Content Design Principles

Designing content is more than just putting stuff online

Good content design allows people to do or find out what they need from the university simply and quickly. It is based on research on user behavior, analytics and feedback.

Sometimes we publish content that is what we want to say, not what a user actually needs to know. This makes our site difficult to understand and use.

In the end, this leaves everybody (students, staff, faculty, visitors, and parents) frustrated - nobody can find what they need to know or do.

We can avoid this bad situation by only publishing what users actually need, and making decisions based on research, feedback and testing.

Start with user needs

A user need is something somebody (a student, colleague, or parent) needs to find out or do. Some examples include:

  • Apply for admission
  • Find out the first day of class
  • Get directions to campus
  • Purchase a parking permit
  • Choose which classes to take next semester
  • Find something to do on Friday night
  • Make a donation

There are many ways to present information that meets users' needs. You'll have to think carefully and decide what is best.

Before you publish anything on the website, know what your users actually need, and design your content around them.

Content strategy and design

Depending on what your user needs are, you may need to

  • publish less than you thought you would
  • split content into smaller pieces
  • change the format of content
  • remove content
  • ask Web Services for help deciding the best way to present your content
  • publish your content elsewhere, like Facebook

You'll need to think about all of this before you edit or create a new page on the site. You'll also need to think about how long your content should be posted, if it will need to be updated or removed.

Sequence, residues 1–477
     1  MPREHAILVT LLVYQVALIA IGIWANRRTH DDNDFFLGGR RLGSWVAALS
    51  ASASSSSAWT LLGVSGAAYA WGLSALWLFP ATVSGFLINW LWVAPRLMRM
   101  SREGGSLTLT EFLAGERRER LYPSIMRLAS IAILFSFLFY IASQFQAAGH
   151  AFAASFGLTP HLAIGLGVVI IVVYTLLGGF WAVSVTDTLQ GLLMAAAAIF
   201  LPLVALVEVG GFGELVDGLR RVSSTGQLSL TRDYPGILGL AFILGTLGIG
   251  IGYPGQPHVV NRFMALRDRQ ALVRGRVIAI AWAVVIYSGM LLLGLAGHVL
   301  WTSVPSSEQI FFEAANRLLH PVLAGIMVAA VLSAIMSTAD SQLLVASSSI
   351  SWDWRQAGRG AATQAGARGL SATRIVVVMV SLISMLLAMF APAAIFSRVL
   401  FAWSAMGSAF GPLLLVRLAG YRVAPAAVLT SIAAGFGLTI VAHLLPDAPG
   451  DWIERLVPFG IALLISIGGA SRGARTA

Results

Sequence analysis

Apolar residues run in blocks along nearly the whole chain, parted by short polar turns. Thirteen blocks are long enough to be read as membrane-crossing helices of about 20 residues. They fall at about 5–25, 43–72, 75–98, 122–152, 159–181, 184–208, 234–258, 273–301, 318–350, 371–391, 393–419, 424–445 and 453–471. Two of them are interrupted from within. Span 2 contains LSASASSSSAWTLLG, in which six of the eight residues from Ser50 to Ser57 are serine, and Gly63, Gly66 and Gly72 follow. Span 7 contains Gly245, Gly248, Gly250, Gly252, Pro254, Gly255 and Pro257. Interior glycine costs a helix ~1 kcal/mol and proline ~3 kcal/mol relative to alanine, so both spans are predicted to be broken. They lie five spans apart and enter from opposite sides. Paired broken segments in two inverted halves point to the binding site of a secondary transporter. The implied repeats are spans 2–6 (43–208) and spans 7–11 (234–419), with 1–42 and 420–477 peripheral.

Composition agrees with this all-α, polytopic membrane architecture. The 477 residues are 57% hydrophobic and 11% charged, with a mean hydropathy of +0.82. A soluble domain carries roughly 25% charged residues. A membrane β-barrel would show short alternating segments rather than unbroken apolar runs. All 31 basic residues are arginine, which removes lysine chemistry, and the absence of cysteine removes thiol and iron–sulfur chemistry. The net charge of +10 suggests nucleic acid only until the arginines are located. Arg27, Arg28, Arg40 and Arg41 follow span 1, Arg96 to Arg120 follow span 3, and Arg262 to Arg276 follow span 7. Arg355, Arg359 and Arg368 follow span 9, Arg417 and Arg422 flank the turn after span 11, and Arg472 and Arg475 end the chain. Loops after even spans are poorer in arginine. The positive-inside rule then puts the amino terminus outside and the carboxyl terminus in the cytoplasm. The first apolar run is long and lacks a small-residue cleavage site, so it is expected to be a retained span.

If you need help with any of this, contact Web Services for advice.

Designing by writing good content

Great content is clear, in plain English, and optimized for the web. This helps people find and understand the information they need quickly and easily. This guidance is based on research about how people use the internet.

We must write so our site is accessible to anyone who is interested enough to look. Our users may have different reading abilities or be looking at the site on a range of devices. Make sure you are creating accessible content before you start.

Avoid duplication

Content design means making sure information can be found easily on a site with thousands of pages.

Duplicate content produces bad search results, confuses users, and damages our credibility. People call the Campus Service Center or ask their friends because they aren't sure they have the right information.

Whenever possible, link to where content already exists, or clip the content from another site.

Content maintenance

We must keep the website accurate, relevant and up-to-date for users and search engines. When content is no longer accurate or useful, it should be removed.

Simple, clear, fast

Using these content design principles means we do the hard work for the user. But the reward is a site that is simple, clear and fast for everybody.